Why does this matter? Is this just another article in a vendetta against Ren?

When the original allegations came out in 2017, Ren replied to me in an email via the club’s media department that he had no connection to Winning League and the complaints were nothing to do with him; something that these court orders prove is an outright lie.

If it was just one court order, then it could be accepted that it might have come about as a dispute with another person or company who has got vindictive, and that it means nothing.

The problem is there are 14 of them, with the most recent being issued this July.

They’re not all concerning Winning League either; one names Ren Xuandong directly as the plaintiff and another is linked to a holding company that listed Ren as its legal representative.

It’s easily possible that there are even more orders made against Ren that have since expired due to time limitations.

These orders confirm that the complaints made by coaches and parents back in 2017 were legitimate, and that there was a cavalier attitude from Winning League towards payment of staff costs and debt; and that the person responsible for it is Ren Xuandong.

It also makes sense of a similar pattern of behaviour at Blues, whereby suppliers have had to resort to social media and / or the courts to chase payments, with at least one CCJ remaining outstanding against the club. This attitude means that the club has a very low credit rating on credit checking apps, discouraging companies from doing business with the club.

In the current financial circumstances and with staff being cut back it is imperative right now that the club is a tight run ship financially. Having worked for small businesses for most of my life I’m not naïve enough to think that all businesses are always going to make payments on time – however, I know there is a difference between juggling costs and just not paying debts for the sake of it.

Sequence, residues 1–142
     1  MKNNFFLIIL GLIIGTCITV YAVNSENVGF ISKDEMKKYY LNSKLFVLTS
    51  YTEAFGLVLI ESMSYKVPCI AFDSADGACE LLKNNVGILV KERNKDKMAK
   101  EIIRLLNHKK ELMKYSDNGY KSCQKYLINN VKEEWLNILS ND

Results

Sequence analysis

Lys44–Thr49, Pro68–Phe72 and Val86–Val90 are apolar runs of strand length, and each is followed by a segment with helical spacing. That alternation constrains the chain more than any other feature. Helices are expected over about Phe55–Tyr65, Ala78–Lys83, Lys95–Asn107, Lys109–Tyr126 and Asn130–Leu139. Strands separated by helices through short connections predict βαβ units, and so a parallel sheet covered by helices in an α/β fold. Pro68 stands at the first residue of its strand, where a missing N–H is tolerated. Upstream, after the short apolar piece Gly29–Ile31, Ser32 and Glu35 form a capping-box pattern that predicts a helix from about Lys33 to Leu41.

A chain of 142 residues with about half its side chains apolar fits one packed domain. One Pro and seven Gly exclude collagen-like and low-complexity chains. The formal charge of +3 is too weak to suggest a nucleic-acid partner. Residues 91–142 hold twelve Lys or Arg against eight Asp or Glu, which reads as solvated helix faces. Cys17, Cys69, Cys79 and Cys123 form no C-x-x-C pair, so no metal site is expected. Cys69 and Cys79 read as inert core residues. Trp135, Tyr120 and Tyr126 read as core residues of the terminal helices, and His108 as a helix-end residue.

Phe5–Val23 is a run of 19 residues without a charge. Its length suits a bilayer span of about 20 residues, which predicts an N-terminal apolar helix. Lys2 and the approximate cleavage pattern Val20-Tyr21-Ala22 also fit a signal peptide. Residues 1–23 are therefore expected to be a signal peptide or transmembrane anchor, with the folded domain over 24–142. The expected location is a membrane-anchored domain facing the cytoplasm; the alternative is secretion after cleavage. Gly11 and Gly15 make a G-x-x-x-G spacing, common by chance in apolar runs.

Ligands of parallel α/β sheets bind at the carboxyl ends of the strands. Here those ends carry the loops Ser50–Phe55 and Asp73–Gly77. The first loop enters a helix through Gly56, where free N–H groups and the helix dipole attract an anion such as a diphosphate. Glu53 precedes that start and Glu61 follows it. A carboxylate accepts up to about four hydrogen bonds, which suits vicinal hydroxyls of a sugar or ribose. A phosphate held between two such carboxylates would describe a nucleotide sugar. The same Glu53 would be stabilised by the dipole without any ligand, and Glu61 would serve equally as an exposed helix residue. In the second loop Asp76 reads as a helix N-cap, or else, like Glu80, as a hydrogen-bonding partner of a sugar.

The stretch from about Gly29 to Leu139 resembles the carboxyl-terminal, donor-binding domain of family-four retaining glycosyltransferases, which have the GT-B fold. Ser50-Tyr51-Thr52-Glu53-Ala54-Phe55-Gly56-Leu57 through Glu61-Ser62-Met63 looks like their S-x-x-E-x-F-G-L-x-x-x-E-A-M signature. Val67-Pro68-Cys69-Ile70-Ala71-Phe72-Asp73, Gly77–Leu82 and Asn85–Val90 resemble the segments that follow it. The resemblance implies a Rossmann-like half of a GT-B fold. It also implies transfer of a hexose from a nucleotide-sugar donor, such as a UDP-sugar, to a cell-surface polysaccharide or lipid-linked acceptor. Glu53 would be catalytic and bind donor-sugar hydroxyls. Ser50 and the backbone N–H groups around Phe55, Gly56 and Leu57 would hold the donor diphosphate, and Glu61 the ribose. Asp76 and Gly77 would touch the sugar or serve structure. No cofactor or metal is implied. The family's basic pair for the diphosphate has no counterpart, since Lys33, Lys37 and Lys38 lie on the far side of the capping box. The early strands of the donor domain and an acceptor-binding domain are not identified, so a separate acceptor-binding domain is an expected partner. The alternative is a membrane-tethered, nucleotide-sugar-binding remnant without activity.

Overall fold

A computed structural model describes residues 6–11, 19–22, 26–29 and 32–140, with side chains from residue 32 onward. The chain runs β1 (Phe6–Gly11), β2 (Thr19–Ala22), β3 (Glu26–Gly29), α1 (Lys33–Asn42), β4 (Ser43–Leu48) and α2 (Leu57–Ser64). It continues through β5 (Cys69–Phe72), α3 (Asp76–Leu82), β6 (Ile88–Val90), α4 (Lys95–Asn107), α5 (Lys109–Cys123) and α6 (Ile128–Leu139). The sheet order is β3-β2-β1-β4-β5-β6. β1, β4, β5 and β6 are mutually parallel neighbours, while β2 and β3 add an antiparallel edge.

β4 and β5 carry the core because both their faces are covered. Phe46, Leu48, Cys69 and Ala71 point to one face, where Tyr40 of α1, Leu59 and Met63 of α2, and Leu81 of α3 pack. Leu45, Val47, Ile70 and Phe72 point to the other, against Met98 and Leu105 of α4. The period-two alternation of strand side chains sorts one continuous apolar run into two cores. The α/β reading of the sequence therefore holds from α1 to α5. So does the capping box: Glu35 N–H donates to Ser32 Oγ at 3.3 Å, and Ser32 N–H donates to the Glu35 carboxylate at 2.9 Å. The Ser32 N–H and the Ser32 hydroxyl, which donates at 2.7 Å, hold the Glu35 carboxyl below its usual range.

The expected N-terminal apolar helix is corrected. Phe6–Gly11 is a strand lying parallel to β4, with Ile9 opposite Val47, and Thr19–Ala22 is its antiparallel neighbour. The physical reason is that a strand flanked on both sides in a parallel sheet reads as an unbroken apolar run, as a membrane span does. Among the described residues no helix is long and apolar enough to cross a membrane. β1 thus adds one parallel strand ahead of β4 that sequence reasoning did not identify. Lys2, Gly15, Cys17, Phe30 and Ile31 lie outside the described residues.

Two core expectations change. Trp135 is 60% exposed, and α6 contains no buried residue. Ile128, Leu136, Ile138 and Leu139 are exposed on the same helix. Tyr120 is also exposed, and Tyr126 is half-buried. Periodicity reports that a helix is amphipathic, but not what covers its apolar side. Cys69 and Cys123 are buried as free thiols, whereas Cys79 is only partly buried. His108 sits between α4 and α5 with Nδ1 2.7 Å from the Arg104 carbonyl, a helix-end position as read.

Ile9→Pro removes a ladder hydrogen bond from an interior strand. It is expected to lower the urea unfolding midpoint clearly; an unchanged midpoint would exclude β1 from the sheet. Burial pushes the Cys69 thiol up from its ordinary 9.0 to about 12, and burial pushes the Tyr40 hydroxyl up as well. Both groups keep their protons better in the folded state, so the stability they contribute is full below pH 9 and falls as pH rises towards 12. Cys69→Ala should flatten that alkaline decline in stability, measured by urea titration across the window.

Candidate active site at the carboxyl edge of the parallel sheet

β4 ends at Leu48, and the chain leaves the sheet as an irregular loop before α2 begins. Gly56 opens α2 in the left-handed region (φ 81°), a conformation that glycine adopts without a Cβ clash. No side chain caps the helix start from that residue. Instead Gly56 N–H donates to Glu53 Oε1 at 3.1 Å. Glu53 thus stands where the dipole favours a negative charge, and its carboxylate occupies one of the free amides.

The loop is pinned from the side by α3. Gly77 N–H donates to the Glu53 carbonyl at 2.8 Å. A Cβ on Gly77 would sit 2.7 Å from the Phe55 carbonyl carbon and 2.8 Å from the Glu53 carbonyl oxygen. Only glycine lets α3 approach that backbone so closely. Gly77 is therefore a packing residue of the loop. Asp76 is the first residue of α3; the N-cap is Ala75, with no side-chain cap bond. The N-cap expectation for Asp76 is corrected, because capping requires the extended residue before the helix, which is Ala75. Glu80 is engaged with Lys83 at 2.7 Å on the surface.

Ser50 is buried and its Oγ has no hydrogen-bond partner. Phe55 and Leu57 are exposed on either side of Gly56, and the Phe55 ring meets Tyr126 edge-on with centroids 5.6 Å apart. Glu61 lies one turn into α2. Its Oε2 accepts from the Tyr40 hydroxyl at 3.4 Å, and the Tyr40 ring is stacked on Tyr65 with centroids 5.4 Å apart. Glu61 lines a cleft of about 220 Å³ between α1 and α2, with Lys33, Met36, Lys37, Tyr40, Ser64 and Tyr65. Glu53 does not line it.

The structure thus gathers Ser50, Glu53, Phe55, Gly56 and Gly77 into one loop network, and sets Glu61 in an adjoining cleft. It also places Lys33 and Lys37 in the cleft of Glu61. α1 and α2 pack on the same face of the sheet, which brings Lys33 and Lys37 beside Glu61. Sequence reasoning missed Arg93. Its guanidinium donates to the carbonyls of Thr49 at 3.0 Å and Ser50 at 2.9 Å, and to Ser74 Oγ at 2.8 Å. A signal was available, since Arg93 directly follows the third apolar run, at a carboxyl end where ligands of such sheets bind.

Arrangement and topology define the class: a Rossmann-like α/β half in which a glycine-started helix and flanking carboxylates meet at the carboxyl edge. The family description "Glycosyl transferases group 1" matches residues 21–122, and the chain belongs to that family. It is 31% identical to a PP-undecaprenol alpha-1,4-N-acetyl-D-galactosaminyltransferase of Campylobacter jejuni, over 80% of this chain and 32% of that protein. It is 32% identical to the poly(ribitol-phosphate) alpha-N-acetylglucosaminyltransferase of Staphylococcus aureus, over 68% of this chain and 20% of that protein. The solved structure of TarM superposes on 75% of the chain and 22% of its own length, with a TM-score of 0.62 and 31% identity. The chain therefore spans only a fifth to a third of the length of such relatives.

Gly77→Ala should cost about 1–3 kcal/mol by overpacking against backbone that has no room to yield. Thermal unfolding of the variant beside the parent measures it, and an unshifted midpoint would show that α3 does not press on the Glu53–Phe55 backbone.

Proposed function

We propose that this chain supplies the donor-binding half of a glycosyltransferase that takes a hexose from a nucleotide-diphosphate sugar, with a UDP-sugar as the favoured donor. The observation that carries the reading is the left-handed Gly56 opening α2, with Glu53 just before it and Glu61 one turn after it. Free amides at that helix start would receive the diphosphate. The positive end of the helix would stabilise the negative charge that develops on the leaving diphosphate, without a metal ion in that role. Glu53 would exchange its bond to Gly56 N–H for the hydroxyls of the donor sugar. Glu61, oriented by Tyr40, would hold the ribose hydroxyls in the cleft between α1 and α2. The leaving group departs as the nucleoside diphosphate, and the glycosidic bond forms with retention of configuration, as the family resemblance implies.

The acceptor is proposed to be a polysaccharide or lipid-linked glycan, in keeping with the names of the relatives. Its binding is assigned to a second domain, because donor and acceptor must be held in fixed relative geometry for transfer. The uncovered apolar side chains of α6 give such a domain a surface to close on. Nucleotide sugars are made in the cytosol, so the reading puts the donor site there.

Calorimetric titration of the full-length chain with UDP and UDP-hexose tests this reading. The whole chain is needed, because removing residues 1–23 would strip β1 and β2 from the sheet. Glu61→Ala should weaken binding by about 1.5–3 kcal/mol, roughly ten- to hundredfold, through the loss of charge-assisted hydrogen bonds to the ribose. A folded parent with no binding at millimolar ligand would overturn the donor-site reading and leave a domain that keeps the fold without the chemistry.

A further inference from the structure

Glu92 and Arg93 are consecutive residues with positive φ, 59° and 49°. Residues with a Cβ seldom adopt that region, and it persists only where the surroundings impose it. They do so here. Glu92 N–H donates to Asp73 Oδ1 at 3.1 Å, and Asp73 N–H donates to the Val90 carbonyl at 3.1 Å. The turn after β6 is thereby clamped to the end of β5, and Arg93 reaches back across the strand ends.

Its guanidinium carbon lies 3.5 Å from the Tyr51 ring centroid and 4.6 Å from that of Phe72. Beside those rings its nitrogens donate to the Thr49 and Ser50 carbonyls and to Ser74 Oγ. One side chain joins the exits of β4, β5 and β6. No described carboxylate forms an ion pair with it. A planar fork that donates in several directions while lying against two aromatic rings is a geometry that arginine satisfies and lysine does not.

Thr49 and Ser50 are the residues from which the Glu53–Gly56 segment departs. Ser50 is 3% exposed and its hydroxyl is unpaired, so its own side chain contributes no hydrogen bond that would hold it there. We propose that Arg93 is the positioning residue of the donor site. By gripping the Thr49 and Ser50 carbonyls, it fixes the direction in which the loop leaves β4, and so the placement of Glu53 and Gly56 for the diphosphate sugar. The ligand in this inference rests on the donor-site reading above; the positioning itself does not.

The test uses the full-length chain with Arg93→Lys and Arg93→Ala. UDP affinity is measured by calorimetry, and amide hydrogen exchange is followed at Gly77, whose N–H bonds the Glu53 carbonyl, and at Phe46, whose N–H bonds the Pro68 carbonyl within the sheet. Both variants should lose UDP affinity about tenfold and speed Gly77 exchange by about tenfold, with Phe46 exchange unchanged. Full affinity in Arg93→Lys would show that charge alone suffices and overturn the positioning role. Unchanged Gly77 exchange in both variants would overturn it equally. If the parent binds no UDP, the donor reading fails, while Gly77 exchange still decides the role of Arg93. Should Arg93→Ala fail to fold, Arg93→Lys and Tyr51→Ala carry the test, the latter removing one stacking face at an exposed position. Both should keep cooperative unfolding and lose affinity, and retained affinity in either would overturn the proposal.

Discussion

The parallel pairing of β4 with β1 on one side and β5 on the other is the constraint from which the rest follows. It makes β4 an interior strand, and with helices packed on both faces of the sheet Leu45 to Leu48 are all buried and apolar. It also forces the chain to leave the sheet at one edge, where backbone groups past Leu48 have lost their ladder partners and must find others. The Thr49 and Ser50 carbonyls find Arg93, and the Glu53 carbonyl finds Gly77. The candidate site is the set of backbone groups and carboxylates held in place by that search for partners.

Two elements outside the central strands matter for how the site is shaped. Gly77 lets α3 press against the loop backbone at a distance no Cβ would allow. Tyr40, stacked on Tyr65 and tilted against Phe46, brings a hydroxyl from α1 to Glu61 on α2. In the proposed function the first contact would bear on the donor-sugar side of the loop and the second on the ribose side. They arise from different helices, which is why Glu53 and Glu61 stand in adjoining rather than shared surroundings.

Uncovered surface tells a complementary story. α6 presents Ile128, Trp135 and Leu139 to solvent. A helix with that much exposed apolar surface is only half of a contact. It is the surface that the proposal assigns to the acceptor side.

If lines of credit are withdrawn and companies are reluctant suppliers, it forces the club into having to pay for things pro forma and potentially more expensively – which is bad for cashflow and the bottom line.

Do these orders have any effect on the club?

For the club itself, these court orders have zero affect but it does raise a question as to whether Ren has a disqualifying condition with respect to the owners and directors test (OADT).

One of the things that has to be confirmed on the OADT is that a director or owner has no convictions for dishonesty.

While these orders are from a civil court, they state that Ren is a dishonest person and subject him to criminal proceedings if he breaks the restrictions held within.

Furthermore, there are football debts within the orders. One of the orders has been brought against Ren by Joaquim Rolão Preto a Portuguese coach who is now assistant manager of Portimonense of the Primera Liga in Portugal.

When filling in the forms pertaining to the OADT, Ren would have had to declare any convictions and it’s probable that Ren would have had to at least notify the EFL of these court orders if only from a “FYI” perspective. If he has not done so then it could lead to some awkward questions being asked of him.

If there is one thing I could impress on readers of this article, it is that what I want most at the club is competency.

A competent team manager who can manage players to play to the best of their abilities; a competent back room staff who ensure that the club is run as efficiently and as profitably as possible; and a competent board to run the whole operation as smoothly as possible.

In Aitor Karanka, it’s possible we’ve got a manager who can potentially reverse the current trend of finishing positions in the league table for the club. However, for him to do his job as best as possible he needs the board to do their jobs right – and seeing this raft of court orders makes it hard for me to believe that Ren Xuandong is ever going to be that person.